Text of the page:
Big Ben not bothered by partial rotator cuff tear

| Wednesday, Aug. 1, 2012, 7:26 p.m.

Ben Roethlisberger ran downfield hard during a kickoff coverage drill, only to become locked up with a blocker. Steelers coach Mike Tomlin pulled him aside after the play and explained he didn't have the proper pursuit angle.

A few minutes before that, Roethlisberger zeroed in on trying to hit a goal post upright with a pass from about midfield. After a two-hour practice ended Wednesday, he spent time spreading extra throws to his receivers.

If the Steelers starting quarterback is making concessions to the partially torn rotator cuff in his right shoulder that occurred midway through last season, it's not apparent a week into a training camp in which Big Ben — now 30 — appears to be throwing as much, and as accurately, as ever.

“It feels great right now,” Roethlisberger said. “It isn't a new injury. I never complained about anything.”

Even if Tomlin wouldn't dare use what arguably is his most valuable player to cover kickoffs — except for fun. Roethlisberger saw an opening during the drill, jumped in and got a 10-second taste of what it is like to play special teams.

The Steelers, of course, have long considered the two-time Super Bowl winner to be a special player.

Offensive coordinator Todd Haley is installing a system built around Roethlisberger's strengths — his quick release, his accuracy, his ability to fend off pass rushers and deliver a throw. If they were concerned that Roethlisberger's previously undisclosed rotator cuff problem might prove problematic, they almost certainly wouldn't construct so much of the offense around him.

Asked if he has any concerns about his quarterback's shoulder, Tomlin said, “None.”

“I thought it was a non-issue because it happened so long ago,” Roethlisberger said.

The injury occurred when Roethlisberger's shoulder became extended on a play during the 23-20 loss to Baltimore on Nov. 6. He missed only one game the rest of the season, Dec. 24 against the Rams because of a sore ankle.

A lower-grade rotator cuff tear usually does not require surgery, only rehabilitation. An injury common to athletes, it is more like inflammation, and the shoulder often returns to normal function without surgery.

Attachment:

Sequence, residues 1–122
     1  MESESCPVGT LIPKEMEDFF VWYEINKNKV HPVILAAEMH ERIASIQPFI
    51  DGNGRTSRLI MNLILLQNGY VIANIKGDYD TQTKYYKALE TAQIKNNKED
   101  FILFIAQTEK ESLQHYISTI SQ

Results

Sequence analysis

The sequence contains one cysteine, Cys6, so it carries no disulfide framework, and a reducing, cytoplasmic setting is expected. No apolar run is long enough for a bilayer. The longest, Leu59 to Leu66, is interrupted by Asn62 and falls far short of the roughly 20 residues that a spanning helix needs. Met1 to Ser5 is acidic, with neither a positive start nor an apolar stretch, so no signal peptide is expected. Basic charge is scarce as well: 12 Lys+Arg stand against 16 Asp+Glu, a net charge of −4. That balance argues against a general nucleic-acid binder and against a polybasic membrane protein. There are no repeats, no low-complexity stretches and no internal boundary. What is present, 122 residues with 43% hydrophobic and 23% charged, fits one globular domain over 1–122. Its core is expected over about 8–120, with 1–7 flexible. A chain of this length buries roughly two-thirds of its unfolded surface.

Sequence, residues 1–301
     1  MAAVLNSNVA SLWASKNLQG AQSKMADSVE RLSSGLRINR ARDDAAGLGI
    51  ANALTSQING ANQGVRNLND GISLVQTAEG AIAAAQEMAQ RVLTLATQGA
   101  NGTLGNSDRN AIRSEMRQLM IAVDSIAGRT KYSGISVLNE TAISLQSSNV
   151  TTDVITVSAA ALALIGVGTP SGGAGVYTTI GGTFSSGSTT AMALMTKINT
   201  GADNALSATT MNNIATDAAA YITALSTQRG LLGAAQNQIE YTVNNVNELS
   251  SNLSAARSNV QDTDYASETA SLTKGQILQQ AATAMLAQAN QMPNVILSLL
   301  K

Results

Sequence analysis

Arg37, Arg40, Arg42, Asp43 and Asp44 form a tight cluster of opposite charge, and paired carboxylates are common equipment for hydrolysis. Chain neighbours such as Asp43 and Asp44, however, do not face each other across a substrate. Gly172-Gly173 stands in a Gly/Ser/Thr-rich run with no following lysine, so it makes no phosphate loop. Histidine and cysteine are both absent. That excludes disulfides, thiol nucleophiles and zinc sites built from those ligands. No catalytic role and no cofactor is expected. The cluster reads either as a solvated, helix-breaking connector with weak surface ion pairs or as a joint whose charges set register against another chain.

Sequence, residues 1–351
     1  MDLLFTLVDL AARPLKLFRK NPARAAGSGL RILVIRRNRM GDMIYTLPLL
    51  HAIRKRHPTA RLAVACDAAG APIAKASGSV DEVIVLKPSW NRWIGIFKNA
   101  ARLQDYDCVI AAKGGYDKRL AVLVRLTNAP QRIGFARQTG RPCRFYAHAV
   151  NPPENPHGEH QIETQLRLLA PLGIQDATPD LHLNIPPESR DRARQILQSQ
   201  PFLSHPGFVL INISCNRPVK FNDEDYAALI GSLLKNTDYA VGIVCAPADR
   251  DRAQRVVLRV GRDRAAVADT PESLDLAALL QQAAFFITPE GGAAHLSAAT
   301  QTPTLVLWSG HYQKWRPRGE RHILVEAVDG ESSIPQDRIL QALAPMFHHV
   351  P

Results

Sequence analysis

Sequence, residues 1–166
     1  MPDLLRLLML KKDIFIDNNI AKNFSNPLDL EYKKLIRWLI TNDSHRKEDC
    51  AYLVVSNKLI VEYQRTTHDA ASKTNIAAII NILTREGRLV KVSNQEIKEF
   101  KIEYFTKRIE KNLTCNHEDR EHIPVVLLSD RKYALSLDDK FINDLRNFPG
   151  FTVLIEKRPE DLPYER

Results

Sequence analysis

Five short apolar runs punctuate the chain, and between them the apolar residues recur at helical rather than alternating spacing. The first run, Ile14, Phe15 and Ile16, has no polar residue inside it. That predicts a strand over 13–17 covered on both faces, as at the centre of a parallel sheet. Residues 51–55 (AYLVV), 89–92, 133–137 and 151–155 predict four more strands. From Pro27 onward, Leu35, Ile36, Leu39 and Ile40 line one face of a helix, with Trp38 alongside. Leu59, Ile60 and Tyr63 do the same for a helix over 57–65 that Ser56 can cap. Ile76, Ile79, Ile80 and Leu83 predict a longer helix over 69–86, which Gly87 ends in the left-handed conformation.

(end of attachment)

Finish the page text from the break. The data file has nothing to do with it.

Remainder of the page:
“We worked really hard, getting it right to play, and I never missed any time. Doc (Dr. Jim) Bradley and (Steelers athletic trainer) John Norwig and the trainers spent so much time rehabbing it and getting it right,” Roethlisberger said.

The injury had no appreciable effect on his performance, at least statistically. He completed 63 percent of his 192 passes after the injury and 63 percent of his 321 passes before it.

“There was no injection, no surgery, nothing but simple rehab,” Roethlisberger said. “It was never an issue, and I've dealt with a lot of pain. That wasn't going to take me out. … I didn't see any dropoff in my play.”

His only concession is that he isn't throwing as much.

“I haven't seen any side effects or loss of strength,” Roethlisberger said. “(There are) less throws because of that (injury) and because I am getting a little bit older. I might as well save the arm a little bit. The doctor said, ‘Let's avoid throwing too much.'”

Roethlisberger hopes to be throwing in the near future to holdout receiver Mike Wallace, who remains a holdout.

Roethlisberger and Wallace are talking frequently, and the quarterback predicts his top downfield threat will be back soon.

“I'm sure he'll be here and be with us before the first game,” Roethlisberger said. “I don't think he'll wait very long.”

Alan Robinson is a staff writer for Trib Total Media. He can be reached at

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